Missed Opportunity: Darkest of Days (Demo)

Darkest of Days was actually released back in September, but I’d set it on the backburner because I didn’t have the money for it (that and it didn’t get stellar reviews). This and I only recently rediscovered it through the mention of a demo on Gamasutra’s postmortem of the game. Having played through the demo, I can say that the game is a fantastic concept that has excellent opportunity to make some real commentary about war and history, but squanders it through shallow writing, historical inaccuracies, and poor game design.

However, before I jump in and start tearing this apart, I want to say that the game was developed by a small studio with a $1.7m budget – chicken feed compared with the epic scale they envisioned. 8Monkeys should be lauded for producing such an ambitious title as an untested studio. I personally don’t care about the sub-par art assets; there’s enough there to make it manageable. What really gets me is the design and the missed opportunity. And as nobody seems to know, but what should be an obvious rule of thumb, have great audio and the visuals always look better anyway.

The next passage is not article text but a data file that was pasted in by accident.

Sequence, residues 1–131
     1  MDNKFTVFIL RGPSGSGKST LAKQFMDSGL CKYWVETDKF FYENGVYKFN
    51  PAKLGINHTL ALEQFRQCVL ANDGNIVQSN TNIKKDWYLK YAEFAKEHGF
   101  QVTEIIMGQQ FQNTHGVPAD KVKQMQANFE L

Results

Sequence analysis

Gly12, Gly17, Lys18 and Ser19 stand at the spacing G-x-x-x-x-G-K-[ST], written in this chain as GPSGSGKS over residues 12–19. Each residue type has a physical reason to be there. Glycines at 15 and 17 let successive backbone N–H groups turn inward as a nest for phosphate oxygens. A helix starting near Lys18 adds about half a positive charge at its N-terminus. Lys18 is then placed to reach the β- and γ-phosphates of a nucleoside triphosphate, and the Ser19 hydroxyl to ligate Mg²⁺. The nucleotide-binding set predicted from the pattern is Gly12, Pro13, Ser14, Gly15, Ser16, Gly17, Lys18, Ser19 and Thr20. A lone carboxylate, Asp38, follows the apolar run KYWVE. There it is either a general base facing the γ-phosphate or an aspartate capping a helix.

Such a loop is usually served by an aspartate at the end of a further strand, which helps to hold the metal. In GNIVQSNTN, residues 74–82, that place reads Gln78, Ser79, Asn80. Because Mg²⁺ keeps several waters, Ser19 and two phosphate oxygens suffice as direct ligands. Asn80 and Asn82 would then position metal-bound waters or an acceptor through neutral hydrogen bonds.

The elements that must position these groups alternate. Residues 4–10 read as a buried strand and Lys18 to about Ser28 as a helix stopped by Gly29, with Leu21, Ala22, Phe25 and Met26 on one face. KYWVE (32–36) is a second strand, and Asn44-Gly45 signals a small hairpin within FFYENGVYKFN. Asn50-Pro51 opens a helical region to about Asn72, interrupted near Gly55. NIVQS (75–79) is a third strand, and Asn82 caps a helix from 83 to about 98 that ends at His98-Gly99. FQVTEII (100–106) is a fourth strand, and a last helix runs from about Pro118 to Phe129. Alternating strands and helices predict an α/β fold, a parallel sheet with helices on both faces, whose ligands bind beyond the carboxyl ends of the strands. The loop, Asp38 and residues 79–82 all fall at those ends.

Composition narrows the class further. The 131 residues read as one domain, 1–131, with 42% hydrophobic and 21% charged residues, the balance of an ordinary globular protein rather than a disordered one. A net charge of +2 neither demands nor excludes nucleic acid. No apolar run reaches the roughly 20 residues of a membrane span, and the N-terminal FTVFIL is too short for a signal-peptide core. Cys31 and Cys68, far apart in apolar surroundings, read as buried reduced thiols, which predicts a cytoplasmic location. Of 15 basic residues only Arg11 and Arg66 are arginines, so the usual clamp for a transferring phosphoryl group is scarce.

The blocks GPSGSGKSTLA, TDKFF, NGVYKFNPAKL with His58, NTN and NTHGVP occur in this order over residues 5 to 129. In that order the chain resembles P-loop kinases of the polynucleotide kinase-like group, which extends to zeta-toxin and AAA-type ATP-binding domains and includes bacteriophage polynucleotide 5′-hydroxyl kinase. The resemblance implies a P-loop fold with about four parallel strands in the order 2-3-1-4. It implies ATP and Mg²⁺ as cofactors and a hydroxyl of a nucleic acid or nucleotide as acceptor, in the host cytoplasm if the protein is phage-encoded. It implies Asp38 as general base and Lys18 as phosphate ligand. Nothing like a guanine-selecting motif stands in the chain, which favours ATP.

The Writing

The game’s premise is there is an institution of time travelers in the future who goes through time, rescuing people from the past who would otherwise be MIA, and bringing them to the future so they can be sent back to clean up history. It seems the professor who invented time travel has gone missing and the timeline has become screwed up (how they can tell, they don’t say). Such happens to the protagonist, Alexander Morris, a soldier from Custer’s Last Stand.